RICHMOND (NEWS 1130) – Many British Columbians are counting down the days until ride-hailing services finally arrive in the province and that includes at least one unexpected person: a local cabbie.
The Richmond taxi driver says many cabbies can’t wait for Uber and Lyft to come.
“It’s going to come sooner or later. So owners are very afraid. Operators or drivers … a good 70 or 80 per cent are waiting for it to come,” said the cabbie, who wants to remain anonymous for fear of retaliation.
He says he’s excited for ride-hailing to come to B.C. for several reasons.
“Number one, I pay for my car. Let’s say, I pay $100 a day plus gas. I work or don’t work — I make $1 or $1,000, I’m sick — I pay the $100. It’s a commitment. I look at it as if I’m leasing a shop. The lease is there, whether you work or not,” he told NEWS 1130.
He says he’s at the mercy of the company, “with no logic.”
“The owners control it… It’s basically ‘my way or the highway’ … If I wear jeans to drive, I get suspended.”
He believes almost all drivers feel the same way he does. “I would say 99 per cent do.”
The cabbie says the owners, on the other hand, “They’re afraid. They’re dreading Uber coming and they’re fighting it with everything they can.”
"It's gonna come sooner or later, so owners, yes, they are very afraid. Operators or drivers, well I guess I would say a good 70 to 80 % are waiting for it to come," says the cabbie, who's been giving people rides around Richmond for 8 years.
— Monika Gul (@MonikaGul) January 11, 2019
The driver says he’s worked for Richmond Taxi for eight years.
He tells us he’s already registered for Uber, has plans to get a new SUV, and looks to take on driving for ride-hailing full-time once it’s here in B.C.
“Other drivers eat in their car, their cars smell … They don’t even say hi to you.”
The framework for ride-hailing in B.C. is still being worked out, but that doesn’t worry this driver. He says he wants to stand out from some taxi drivers who may offer a less-favourable experience in the car.
“I’ve seen other drivers — they eat in the car, their cars smell. Some of them don’t even speak English, unfortunately. Would you prefer going with someone you can communicate with or [someone who] is on the phone on the trip for 20 minutes? They don’t even say hi to you.”
But he admits there are legitimate concerns about a possible lack of vetting of drivers with some ride-hailing services.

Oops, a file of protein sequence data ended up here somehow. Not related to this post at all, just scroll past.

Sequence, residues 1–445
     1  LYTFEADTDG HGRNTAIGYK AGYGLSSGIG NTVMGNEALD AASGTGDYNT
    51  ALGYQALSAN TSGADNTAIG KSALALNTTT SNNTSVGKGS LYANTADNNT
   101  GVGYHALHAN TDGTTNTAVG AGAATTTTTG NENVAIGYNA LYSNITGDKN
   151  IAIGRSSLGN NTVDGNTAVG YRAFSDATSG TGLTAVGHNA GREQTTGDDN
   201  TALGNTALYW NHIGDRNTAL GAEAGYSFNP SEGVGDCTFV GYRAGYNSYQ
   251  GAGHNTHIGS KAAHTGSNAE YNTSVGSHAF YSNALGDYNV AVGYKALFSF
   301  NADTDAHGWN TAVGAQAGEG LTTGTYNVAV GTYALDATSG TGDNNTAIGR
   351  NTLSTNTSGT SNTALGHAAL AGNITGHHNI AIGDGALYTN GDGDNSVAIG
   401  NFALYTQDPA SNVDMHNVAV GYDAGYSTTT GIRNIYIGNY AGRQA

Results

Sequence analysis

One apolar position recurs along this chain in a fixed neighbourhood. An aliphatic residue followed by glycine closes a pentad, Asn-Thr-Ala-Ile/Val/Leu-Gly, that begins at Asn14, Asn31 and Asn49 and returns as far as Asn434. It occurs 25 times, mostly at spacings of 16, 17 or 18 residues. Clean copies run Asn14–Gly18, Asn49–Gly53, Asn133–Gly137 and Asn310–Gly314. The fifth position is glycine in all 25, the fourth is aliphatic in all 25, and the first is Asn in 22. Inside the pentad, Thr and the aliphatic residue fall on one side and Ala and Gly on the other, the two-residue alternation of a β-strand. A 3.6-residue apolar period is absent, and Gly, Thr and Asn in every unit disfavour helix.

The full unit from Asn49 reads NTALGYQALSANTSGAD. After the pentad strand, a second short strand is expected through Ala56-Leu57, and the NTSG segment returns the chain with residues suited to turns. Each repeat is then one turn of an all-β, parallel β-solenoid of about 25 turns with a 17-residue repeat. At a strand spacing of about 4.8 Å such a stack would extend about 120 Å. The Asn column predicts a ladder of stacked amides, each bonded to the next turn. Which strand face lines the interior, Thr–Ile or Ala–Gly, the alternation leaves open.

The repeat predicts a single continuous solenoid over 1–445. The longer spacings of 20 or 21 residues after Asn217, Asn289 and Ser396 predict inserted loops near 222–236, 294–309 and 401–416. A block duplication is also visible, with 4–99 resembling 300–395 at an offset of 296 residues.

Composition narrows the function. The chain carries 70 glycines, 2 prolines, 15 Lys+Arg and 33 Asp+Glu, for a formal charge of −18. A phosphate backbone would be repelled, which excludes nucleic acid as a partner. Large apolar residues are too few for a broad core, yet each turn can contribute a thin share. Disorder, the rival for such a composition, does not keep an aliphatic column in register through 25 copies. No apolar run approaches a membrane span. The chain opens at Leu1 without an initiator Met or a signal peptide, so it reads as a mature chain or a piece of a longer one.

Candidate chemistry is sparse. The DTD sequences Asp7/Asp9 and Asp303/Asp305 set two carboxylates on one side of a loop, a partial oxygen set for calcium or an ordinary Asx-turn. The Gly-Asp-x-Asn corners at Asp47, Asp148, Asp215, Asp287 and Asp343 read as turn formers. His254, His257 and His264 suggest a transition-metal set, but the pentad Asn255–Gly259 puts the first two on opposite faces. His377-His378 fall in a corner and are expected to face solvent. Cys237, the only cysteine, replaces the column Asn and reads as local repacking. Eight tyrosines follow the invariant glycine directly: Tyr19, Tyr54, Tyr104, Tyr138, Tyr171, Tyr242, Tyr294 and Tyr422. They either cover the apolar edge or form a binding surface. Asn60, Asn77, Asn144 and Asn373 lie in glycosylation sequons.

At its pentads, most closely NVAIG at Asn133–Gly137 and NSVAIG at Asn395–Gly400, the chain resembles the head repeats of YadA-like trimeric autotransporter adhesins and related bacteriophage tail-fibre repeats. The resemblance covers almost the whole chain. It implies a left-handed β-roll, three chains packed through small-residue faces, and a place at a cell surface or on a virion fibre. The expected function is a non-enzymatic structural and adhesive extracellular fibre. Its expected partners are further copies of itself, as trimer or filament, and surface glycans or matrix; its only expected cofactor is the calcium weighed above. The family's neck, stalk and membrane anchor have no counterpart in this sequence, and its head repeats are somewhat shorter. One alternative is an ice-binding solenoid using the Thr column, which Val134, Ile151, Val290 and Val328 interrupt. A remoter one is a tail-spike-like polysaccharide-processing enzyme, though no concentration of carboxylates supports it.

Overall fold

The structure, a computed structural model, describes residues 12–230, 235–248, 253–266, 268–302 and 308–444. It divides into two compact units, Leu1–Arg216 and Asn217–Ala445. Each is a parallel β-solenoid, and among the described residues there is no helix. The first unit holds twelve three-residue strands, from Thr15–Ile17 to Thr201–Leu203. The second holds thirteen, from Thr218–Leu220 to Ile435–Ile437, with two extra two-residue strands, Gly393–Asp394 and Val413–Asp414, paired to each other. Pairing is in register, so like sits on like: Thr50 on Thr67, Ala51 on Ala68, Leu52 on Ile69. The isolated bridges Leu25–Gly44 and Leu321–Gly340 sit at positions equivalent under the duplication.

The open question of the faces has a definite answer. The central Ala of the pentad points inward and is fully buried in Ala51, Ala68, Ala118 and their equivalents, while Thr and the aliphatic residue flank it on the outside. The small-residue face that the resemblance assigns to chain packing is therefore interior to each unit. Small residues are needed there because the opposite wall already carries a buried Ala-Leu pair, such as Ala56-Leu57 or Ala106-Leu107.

“If the driver I’m with is not vetted, doesn’t have the proper papers — maybe they have a criminal record — even as a man, I would be afraid getting in with someone like that. But you don’t know what they’re going to do. So, it’s a Catch-22.”
He says as a cab driver, he has to go through a criminal record check every two years. “If I have a speck on my file, I can’t drive. I lose my license, that’s it. But with [ride-hailing], I heard, they don’t do the government check … not the proper vetting.”
For its part, Lyft says potential drivers must pass a criminal record checks and conducts annual background checks. It adds the company reserves the right to disqualify a driver if anything comes up that could compromise safety.
It adds a driving record check is also required.
WATCH: Ride-hailing introduced
It’s no secret cab drivers take a lot of flack in B.C., with frustration continuing over the lack of ride-hailing in the province.
The driver NEWS 1130 spoke with says it’s a tough job, with misunderstanding from many passengers and cab companies looking out for their own best interests — not the drivers’.
“They don’t represent any of us. They represent the owners, the shareholders who own the company — own everything,” he said.
He claims cab companies have threatened drivers who have plans to jump ship. He says last year, his paycheck was withheld until he signed a document stating if he was eventually hired by a company like Uber, he would be fired.
The driver is frustrated, as he feels taxi companies are perceived to represent the drivers — but he argues that’s not true. “For us, nobody represents us. [The companies] represent the owners, only.”
What taxi drivers wish customers knew
The cab driver tells us one thing many people don’t seem to understand is when they see an empty cab go by, seemingly without acknowledging them trying to flag them down for a ride, it’s not because they don’t want to pick them up.
“When I pick up people from Richmond … and we drop off downtown, by law, we cannot pick up from downtown. We have to leave downtown empty. It’s illegal. It’s a $1,000 ticket plus a $1,000 in suspension. So basically, it’s a $2,000 endeavour just to pick up a $30 trip coming back to Richmond,” he said.
“It’s Vancouver city turf and only Vancouver cabs can pick up [there]. Likewise, they cannot pick up outside their jurisdiction area.”
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He says this presents a problem for customers when the bars let out in downtown Vancouver over the weekend.
“There’s something like 30,000 or 40,000 people that want to go home. Vancouver cabs are busy [and] they don’t want to leave Vancouver. They don’t want to go on the long trips because they’ve got to come back empty. Plus, they make better money by doing $10 and $20 trips in Vancouver.”
He believes if these jurisdiction rules weren’t in place, then up to 70 per cent of people waiting would be served much faster.
“Six months ago … I dropped off people downtown. There was this person and they flagged me — I was empty — but I said no. They started swearing. I said, ‘I’m sorry. I wish I can.'”
The cabbie hopes when ride-hailing comes to B.C., those restrictions will be lifted. “With Uber, there is talk about removing those jurisdictions and those turfs, so wherever you are, you can pick up.”
Editor’s note: This article has been updated to include details provided by Lyft.